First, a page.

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A thread on storytelling...


#161

As stated, the editors or powers that be of a comic company can inhibit the writer and the storytelling. So all a writer can do is make some changes and then undo the changes back to the status quo for the next writer. The next writer for example won’t have to deal with a married Batman or a dead Elektra. I get it but I don’t really like it.

One other thing: REMINDER The rules of MW have always been not to bash creators but to write a critique. So if you are reading this thread for the first time and want to post, please don’t bash any “creators” by name… Just saying.


#162

Is this still about Blade Runner? Do you feel like you need more of an introduction into that world before the actual plot starts?

Either way, what you described does not make the difference between good and bad writing. Quite often, it is the opposite way around - bad writing tends to be overexpository, wanting to explain too much to the reader/audience. Which is why “Show, don’t tell” is such a popular rule in creative writing courses.
(I should add that like all of these “rules”, they are made to be broken.)

Especially in the genres of sci-fi and fantasies, where you create worlds the reader doesn’t know yet, the important thing is that you flesh out that world in the details. It doesn’t really matter if you start with introductory/background scenes or straightaway with the plot; both can work fine. Blade Runner does the latter, and does it very well.


#163

No, not about Blade Runner anymore…

My point in that post was more related to some movies like the Spiderman movies or a comic like Doomsday Clock where a lot of time (or issues) is spent giving background. With Doomsday Clock a lot of the issues were introducing the new characters and settings, and many readers were asking when is the action going to happen.
I was just saying that a writer/creator has to do it first and not cut to the chase.

I get your point nonetheless and agree…


#164

These days it is hard for me to get into a title that is way too wordy or the plot is convoluted and confusing. Not mentioning any names of writers mind you…

I just don’t have that much time to devote and figure things out.

If the story loses me I drop the title, book, or program


#165

As for comics storytelling, it has changed as society changes…

Batman is a much darker character, Joker is more twisted, Wolverine and his action panels is more graphically violent and bloodier etc. Now there is full frontal male nudity these days.

Those campy Silver Age stories from yesteryear don’t work as is today without some tweaking.

I don’t know what to make of it all, I am just saying…


#166

If I had the money, I would commission reprints of older comics without! all the unnecessary! exclamation points! Because for me that’s the hardest hurdle to overcome with them.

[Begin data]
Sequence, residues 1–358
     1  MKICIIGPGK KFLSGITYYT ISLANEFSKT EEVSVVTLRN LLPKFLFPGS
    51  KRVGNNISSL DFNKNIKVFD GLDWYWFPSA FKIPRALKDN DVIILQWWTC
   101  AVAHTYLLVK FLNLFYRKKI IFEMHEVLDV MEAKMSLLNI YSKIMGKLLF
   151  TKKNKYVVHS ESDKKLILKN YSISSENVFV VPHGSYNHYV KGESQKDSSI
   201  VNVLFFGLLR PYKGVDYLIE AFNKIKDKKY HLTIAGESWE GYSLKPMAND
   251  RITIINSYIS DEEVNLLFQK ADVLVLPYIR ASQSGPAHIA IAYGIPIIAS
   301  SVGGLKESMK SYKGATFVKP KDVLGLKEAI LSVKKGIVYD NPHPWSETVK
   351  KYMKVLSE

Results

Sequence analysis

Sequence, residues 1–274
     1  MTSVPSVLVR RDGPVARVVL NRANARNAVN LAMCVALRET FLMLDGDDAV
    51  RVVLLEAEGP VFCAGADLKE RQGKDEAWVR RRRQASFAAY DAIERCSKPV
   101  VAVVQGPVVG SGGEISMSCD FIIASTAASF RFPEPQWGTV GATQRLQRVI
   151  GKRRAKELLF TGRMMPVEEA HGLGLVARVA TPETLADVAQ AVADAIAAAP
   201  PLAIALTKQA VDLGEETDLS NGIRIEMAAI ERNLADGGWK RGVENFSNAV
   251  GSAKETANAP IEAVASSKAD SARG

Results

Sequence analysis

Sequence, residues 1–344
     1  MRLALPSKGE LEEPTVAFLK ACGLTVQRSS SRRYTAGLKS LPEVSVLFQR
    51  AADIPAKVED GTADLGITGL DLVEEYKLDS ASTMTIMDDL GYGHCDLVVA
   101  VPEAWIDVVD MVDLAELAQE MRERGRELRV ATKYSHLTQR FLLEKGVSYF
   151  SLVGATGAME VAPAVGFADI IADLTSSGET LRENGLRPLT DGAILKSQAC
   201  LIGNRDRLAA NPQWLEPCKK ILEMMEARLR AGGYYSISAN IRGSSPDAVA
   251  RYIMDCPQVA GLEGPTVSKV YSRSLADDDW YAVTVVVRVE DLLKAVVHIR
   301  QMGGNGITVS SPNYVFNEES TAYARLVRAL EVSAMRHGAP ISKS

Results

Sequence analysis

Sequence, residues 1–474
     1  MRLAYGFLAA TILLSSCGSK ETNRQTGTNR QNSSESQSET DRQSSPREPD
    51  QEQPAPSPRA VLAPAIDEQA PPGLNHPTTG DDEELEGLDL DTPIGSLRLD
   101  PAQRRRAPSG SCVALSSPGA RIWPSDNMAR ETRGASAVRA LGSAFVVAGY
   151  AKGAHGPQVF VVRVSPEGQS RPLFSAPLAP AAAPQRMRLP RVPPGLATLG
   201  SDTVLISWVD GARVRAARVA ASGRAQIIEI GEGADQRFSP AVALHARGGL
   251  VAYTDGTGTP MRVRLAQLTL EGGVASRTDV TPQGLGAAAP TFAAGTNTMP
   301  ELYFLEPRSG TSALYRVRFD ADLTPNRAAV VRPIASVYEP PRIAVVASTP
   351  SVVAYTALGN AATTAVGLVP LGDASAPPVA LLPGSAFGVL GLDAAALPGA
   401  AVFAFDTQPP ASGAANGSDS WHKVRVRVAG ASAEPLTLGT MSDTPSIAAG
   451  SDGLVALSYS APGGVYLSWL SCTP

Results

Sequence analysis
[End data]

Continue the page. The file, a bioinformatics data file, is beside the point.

#167

That reminds me of one of my favourite Comic Book Urban Legends Revealed:

The answer is quite amusing.


#168

Comic! Books?


#169

Remakes, revivals, reboots…

Bringing back an old story comes with mixed reviews. If the original story was very well done, it can’t really be topped and the remake will be seen as just a rehash, like the original Robocop and the criticism made with its remake, or even Star Wars #4 and the movie #7 borrowed way to much from it that it was seen as a light remake by the audience.

Then you have dramas of an genre that the original did so well and exhausted all it future possibilities, like try to follow the Sopranos with a mob drama. or follow up Game of Thrones. Execs of movies and TV will do copycats but a smart audience won’t bite.

It works however if the original is dated and flawed like Battlestar Galactica where the remake was so much better and presented something new and interesting.

Interestingly, it was Brian K Vaughn who thought about modernizing Flash Gordon, but ditched the idea because we already have Guardians of the Galaxy and that would flood the market with another story of a guy in space with misfit alien crew etc.

So a remake has to provide something new for the audience, not like King Kong. :smile:


#170

I think this came up before…


#171

I really don’t know about that and I for one, want to see what Jordan Peele will do with the Twilight Zone for example.

As for Starlight, I would have to see Netflix do it to pass judgement.

TV has a lot of new takes like MacGuyver, Hawaii 5-0, Magnum PI, Dynasty, etc. but they are just disposable TV episodes.

As for movies, even MM said why bother redoing King Kong and I would add for example do we need a remake of Back to the Future? All I am saying about remakes is that if the original was so well done and exhausted all the possibilities, you can’t really redo it and make it better so therefore you shouldn’t even bother.


#172

The history of storytelling is all about “remakes,” about retelling and revising and adding new elements. The art of storytelling is about how you tell it, not what you’re telling. So if you’re worth your creative salt, you can tell the most familiar story in the world, and tell it interesting.